10.5 cm Feldhaubitze 98/09

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10.5 cm Feldhaubitze 98/09
Sayabec-canon.JPG
A captured F.H. 98/09 in Sayabec, Quebec
Type howitzer
Place of origin German Empire
Service history
Used by  German Empire
 Ottoman Empire
 Romania
Wars World War I
Production history
Designer Krupp
Designed 1902-04
Manufacturer Krupp
Produced 1909-1918?
Specifications
Weight 1,145 kg (2,519 lbs)
Barrel length 1.625 m (5 ft 4 in) L/15.5
Width 1.53 m (5 ft)

Shell separate loading, fixed case
Caliber 105 mm (4.13 in)
Breech horizontal sliding block
Recoil hydro-spring
Carriage box trail
Elevation -13° to +40°
Traverse
Muzzle velocity 302 m/s (990 ft/s)
Maximum firing range 6,300 m (6,890 yds)

The 10.5 cm Feldhaubitze 98/09 (10.5 cm FH 98/09), a short barreled (1625 mm) 105mm howitzer, also referred to as the 10.5 cm leichte Feldhaubitze (light field howitzer) 98/09, was used by Germany in World War I and after. It had a maximum range of 6,300 metres (20,700 ft).[1]

History[edit]

Turkish gunners in action, 1917

It was originally built by Rheinmetall as the 10.5 cm Feldhaubitze 98, an old-fashioned, fixed-recoil weapon delivered to the German army in 1898; between 1902 and 1904, it was redesigned, by Krupp, with a new recoil mechanism and a new carriage.[2] However, it wasn't accepted for service until 1909, hence the ending designation 98/09. Existing weapons were rebuilt to the new standard. As usual, two seats were attached to the gun shield. There were 1,260 in service at the beginning of World War I.[3]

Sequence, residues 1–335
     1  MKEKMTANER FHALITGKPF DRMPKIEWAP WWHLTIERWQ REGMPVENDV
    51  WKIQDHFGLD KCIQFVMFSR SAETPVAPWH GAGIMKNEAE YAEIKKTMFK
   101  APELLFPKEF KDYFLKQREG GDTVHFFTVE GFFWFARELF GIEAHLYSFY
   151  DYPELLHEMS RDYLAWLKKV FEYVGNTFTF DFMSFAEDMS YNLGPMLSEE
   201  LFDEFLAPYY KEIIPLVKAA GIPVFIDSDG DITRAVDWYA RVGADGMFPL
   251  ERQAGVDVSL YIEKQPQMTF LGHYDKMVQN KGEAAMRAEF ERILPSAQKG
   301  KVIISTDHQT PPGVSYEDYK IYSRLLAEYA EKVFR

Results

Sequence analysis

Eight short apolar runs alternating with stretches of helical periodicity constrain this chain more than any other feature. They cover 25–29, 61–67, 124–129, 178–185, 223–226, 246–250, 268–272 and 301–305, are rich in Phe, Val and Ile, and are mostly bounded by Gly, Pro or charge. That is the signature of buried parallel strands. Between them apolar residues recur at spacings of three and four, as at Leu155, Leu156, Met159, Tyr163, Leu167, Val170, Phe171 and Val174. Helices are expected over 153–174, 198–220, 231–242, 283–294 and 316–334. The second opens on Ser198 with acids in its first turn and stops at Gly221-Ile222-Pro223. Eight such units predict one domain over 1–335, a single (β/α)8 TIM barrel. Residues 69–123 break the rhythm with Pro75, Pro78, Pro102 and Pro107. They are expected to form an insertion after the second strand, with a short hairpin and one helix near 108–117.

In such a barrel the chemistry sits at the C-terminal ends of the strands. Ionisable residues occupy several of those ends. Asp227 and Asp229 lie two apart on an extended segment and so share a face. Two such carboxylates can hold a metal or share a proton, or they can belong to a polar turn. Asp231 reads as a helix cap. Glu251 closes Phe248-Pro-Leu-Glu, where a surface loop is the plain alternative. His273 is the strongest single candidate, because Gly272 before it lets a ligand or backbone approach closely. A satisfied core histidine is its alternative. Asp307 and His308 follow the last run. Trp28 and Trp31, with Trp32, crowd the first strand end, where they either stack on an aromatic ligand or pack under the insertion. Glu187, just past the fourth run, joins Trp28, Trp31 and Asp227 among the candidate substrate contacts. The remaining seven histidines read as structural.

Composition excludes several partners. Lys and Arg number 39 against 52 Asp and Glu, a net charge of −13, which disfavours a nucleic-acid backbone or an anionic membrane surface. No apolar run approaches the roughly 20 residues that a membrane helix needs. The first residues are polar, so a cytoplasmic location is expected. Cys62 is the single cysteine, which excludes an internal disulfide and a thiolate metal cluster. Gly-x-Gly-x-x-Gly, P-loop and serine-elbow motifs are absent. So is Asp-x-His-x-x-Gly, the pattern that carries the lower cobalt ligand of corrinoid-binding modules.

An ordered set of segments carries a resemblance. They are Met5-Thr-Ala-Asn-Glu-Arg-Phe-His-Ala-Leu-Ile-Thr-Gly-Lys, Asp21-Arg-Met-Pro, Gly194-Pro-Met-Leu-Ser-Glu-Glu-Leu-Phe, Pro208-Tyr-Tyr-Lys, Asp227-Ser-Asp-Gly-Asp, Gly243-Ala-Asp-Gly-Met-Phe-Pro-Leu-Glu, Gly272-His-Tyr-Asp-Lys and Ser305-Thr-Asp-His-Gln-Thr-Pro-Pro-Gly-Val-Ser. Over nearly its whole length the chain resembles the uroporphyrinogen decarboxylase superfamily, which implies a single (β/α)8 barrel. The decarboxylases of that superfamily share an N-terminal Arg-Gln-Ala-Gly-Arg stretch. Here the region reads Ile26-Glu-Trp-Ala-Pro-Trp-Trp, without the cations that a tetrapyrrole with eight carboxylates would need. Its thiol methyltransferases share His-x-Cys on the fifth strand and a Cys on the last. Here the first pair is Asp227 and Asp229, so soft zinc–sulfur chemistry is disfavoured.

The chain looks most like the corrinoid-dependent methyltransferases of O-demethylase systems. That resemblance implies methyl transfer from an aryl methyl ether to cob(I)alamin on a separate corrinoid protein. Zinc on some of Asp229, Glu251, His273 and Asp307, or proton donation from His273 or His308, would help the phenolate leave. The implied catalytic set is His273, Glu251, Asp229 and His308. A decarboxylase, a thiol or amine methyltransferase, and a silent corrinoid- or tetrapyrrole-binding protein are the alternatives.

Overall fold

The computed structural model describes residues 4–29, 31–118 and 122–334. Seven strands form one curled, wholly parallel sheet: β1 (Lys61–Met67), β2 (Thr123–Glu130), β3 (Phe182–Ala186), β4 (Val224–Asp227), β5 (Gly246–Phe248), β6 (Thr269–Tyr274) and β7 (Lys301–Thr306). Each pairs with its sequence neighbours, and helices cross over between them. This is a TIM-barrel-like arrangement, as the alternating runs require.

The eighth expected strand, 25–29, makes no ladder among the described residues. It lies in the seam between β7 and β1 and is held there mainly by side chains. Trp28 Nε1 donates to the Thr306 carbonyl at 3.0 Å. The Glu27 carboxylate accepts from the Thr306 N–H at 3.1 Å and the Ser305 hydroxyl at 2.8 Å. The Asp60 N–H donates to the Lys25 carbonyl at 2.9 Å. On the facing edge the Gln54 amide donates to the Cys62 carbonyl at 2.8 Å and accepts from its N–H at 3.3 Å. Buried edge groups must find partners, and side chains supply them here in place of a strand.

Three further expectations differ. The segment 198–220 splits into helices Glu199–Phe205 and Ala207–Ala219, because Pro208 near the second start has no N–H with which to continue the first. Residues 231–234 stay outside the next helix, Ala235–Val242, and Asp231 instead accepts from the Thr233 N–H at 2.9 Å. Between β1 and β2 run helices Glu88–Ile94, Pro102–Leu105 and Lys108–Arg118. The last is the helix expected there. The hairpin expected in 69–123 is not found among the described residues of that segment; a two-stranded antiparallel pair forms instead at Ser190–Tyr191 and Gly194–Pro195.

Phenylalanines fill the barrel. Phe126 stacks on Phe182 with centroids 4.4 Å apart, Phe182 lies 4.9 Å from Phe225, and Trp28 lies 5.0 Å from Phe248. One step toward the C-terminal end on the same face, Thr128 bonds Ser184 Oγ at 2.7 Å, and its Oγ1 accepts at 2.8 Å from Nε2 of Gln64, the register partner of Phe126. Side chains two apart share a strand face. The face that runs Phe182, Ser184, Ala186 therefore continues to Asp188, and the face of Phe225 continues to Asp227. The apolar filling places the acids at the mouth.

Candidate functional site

Ammunition[edit]

The 10.5 cm used three different types of ammunition and the aiming instruments were marked with three different meter scales and a dial sight for both direct and indirect fire. Originally, it used 7 charges of propellant, but this was increased during the war to 8 in an effort to extend its range.[4]

  • Feldhaubitz granate 98: A 15.8 kilogram (35 lb) high-explosive shell.
  • Feldhaubitz granate 05: A 15.7 kilogram (35 lb) high-explosive shell.
  • Feldhaubitz schrapnel 98: A 12.8 kilogram (28 lb) shrapnel shell.

See also[edit]

Weapons of comparable role, performance and era[edit]

References[edit]

  • Jäger, Herbert. German Artillery of World War One. Ramsbury, Marlborough, Wiltshire: Crowood Press, 2001 ISBN 1-86126-403-8

Notes[edit]

  1. ^ 10.5 cm LIGHT FIELD HOWITZER MODEL 98/09- Retrieved 2012-02-29. Archived 2012-03-06.
  2. ^ Transformation of the 10.5 cm Feldhaubitze 98/09- Retrieved 2012-02-29. Archived 2012-03-06.
  3. ^ Jäger, p. 28
  4. ^ Ammunition- Retrieved 2012-02-29

External links[edit]